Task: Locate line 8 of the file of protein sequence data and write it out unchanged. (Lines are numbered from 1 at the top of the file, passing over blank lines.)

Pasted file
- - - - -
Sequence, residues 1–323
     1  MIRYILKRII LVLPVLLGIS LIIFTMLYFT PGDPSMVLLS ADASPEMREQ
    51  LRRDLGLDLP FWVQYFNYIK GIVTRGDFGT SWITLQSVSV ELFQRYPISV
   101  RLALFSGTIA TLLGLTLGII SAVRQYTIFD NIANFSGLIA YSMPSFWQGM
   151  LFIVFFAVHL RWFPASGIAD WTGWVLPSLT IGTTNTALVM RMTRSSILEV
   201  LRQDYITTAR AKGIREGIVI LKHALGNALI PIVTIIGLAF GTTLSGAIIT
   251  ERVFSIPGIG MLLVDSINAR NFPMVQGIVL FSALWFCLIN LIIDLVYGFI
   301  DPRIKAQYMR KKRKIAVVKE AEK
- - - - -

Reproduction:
   301  DPRIKAQYMR KKRKIAVVKE AEK